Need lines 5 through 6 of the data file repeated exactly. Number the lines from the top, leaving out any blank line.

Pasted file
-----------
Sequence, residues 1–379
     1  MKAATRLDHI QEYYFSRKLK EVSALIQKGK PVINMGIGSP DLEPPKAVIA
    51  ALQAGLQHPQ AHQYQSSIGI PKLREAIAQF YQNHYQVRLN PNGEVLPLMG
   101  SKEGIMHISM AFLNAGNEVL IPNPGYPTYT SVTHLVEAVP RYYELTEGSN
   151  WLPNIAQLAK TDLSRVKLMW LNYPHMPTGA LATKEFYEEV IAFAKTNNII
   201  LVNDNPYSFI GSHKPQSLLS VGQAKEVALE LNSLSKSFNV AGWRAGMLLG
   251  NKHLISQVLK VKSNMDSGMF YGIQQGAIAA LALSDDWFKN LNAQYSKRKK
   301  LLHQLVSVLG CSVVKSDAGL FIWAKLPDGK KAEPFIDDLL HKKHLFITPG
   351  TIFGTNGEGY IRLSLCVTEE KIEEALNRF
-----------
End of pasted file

   151  WLPNIAQLAK TDLSRVKLMW LNYPHMPTGA LATKEFYEEV IAFAKTNNII
   201  LVNDNPYSFI GSHKPQSLLS VGQAKEVALE LNSLSKSFNV AGWRAGMLLG